The Letter Left to Me
By Joseph McElroy
New York: Alfred A. Knopf
THE theme of children dealing with a parent's death is timeless in literature, but in danger of being rendered trite through overuse. In The Letter Left to Me, Joseph McElroy avoids cliches by developing this theme in a unique and effective manner. The novel centers on letter from a father, written a few years before his death, to his teen-aged son. McElroy's choice of plot saves his novel from becoming another repetitive reflection on dealing with death.
Ownership becomes one of the most important concepts in the novel as it traces the course of the letter's dissemination. The letter becomes truly a letter left "to me," instead of "for me," as control over it passes from the protagonist's hands. When the book opens, the boy's mother has just handed the boy the letter, and immediately he is caught up in its contents and its history.
His reflections on the letter become the jumping off point for the liberal rush of free association that follows. We follow the boy's thought process as he tries to reconcile his views of his father with those of his friends and family. We sense his uncertainty when, suddenly, the letter passes out of his control, and is copied and sent to numerous relatives and friends of the family. Each of these has some comment to make on the letter that the boy feels was meant only for him. Uncertain how this development occurred, the boy watches passively, unhappy but somehow unable to halt the flow of events.
McElroy shows the boy's vacillations about the sending of the letter with credibility and sensitivity. Although the boy attempts to be understanding about his mother's and grandparents' decision to share the document, he is never certain what gives his family the right to examine and discuss this relic of his father's that he feeels was meant to speak directly to him.
Because it is the only meaningful talisman remaining to him after his father's death, every detail of its history becomes sacred. He constantly tries to recreate the letter's origins, to determine whether his mother knew about its existence before he found her with it, and to trace its journey from the safe where it was first kept to the desk drawer where it was after his father's death. He says, "I did not see my mother actually find the letter. Come across it; locate it. I'm building backwards again." Toward the end of the novel, the boy has begun to assimilate his varying pictures of his father, but he is still fixated on the letter itself.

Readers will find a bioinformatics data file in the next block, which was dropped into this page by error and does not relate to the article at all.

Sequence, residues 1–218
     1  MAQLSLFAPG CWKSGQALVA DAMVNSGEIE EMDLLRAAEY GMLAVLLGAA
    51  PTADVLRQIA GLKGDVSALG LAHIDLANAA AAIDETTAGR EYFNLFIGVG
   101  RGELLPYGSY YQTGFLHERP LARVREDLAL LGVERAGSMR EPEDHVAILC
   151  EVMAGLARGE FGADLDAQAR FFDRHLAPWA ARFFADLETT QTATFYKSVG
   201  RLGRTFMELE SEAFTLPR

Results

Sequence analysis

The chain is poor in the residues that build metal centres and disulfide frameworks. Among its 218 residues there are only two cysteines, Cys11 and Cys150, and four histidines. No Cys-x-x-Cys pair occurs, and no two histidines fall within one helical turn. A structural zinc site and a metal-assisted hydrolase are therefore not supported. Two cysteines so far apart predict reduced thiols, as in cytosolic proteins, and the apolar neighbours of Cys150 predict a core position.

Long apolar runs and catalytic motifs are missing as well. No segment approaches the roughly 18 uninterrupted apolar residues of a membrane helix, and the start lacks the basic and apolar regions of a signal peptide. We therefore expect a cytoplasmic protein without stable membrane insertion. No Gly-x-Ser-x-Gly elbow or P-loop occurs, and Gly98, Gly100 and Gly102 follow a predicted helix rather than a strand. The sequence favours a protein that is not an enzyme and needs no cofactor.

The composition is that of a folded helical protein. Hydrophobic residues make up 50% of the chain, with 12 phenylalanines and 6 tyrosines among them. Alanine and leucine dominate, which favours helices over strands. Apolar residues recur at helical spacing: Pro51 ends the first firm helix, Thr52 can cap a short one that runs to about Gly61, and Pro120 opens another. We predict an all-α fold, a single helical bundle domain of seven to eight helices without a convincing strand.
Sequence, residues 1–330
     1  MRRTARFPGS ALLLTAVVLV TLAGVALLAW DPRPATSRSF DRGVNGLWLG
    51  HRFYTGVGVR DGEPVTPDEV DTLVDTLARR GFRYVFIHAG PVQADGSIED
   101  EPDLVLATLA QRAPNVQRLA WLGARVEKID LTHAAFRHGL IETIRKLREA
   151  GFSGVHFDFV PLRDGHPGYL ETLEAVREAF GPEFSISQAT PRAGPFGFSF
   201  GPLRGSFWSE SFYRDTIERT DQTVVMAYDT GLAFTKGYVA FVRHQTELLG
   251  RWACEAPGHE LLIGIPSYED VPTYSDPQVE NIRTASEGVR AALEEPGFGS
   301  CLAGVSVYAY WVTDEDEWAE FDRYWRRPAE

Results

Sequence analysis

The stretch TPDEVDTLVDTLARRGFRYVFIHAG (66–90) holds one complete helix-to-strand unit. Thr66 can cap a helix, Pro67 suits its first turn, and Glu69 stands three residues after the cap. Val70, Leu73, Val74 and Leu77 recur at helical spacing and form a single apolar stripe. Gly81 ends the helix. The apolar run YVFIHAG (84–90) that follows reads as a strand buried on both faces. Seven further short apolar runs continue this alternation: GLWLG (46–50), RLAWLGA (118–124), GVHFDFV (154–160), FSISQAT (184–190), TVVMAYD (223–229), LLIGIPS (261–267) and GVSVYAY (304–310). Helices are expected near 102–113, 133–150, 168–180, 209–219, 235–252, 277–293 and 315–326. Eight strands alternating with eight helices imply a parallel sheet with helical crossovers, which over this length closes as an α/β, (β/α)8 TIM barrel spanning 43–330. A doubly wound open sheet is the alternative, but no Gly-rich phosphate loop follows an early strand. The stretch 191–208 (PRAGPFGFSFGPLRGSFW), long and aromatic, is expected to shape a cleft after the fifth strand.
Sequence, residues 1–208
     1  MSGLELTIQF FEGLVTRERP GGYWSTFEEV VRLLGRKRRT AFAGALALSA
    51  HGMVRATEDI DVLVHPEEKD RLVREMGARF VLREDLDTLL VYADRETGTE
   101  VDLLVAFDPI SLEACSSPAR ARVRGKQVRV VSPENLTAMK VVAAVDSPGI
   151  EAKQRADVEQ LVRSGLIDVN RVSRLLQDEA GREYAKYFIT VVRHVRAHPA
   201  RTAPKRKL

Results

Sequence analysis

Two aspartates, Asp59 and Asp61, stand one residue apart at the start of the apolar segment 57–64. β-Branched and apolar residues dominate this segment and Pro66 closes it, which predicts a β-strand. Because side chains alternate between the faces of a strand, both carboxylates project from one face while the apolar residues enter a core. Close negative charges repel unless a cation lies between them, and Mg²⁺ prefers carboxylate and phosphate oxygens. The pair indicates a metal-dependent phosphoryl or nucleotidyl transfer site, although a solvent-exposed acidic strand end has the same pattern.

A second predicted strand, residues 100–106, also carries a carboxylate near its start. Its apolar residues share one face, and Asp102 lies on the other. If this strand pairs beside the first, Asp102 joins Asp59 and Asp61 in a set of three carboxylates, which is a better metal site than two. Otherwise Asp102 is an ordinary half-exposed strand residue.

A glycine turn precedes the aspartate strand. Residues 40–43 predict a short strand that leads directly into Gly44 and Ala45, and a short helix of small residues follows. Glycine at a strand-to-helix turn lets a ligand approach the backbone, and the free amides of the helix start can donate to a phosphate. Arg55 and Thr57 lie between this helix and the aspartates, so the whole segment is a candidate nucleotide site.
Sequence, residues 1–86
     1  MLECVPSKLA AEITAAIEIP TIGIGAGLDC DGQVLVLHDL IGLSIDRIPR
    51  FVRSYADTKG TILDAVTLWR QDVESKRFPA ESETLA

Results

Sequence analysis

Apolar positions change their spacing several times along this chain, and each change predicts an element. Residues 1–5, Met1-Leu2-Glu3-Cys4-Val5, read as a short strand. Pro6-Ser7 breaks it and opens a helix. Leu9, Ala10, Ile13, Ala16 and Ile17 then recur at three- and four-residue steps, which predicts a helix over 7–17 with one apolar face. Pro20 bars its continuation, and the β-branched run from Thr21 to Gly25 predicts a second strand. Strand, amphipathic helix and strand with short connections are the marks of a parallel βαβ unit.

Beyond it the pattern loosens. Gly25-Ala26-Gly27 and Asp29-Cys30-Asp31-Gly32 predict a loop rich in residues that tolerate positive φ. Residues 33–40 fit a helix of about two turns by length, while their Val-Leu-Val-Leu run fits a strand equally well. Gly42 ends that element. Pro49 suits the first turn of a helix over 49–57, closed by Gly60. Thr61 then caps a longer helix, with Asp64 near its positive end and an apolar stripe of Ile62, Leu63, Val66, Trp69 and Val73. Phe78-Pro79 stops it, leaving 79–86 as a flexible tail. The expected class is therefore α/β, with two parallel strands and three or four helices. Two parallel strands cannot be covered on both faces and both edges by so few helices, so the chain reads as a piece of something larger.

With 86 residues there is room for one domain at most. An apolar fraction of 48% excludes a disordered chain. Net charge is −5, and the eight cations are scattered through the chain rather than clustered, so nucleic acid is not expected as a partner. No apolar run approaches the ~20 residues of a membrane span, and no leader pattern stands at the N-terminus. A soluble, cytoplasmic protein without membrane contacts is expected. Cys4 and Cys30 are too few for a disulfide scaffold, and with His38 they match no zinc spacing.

"Was the letter written to me? What about that? (Passed to me in my sleep, a neglected dream, or it made too much sense, or made too much of me.) Safely deposited in a bank. Withdrawn to a drawer of the excellent desk in the living room exactly when?"
MCELROY writes in a first-person stream of consciousness that draws in the reader, seeming to replicate the confused and wandering form that a child's thoughts might plausibly take after a parent's death. At times the style grows annnoyingly Salinger-esque, and is peppered with italics and occasional self-conscious introspection: "And I said, `My father passed away last night.' I who of all people know enough to say 'died': yet said `passed away."' But for the most part the flow of free association is effective.
As the boy changes his way of adapting to death, McElroy shifts the tone of the novel. The first chapters are a monologue, mirroring the isolation and entrapment that the protagonist feels. Later, McElroy inserts dialogue into the text, a change that reflects the boy's attempts to adjust to his father's death and to the dissemination of the letter.
The boy begins to shift his focus away from ownership of the letter, and he begins to directly confront his own relationship with his father. Part of him wishes to see it as a work of love: "If the letter is attention given to me, sending it out in all these copies is proof, or is giving my attention to those on the list," he says, trying to rationalize his mother's decision to share the letter.
But even as he reads it, and rereads it, searching for tidbits of love or caring, there are shreds of doubt in his mind. His memory betrays him, and his image of his father becomes confused with that of those around him. His fears are nearly realized at the end of the novel, when an acquaintance blankly tells him, "`It's not an affectionate letter.'"
Another part of the boy is tempted to view the letter as do his friends and relatives. They see it as a work of art as well as proof of love, and toss out comments like, "'Your father wrote extremely well,'" or "'You couldn't have had a better father.'" But the son of the writer is not content with this interpretation. His father becomes "the writer of the letter" rather than "his father."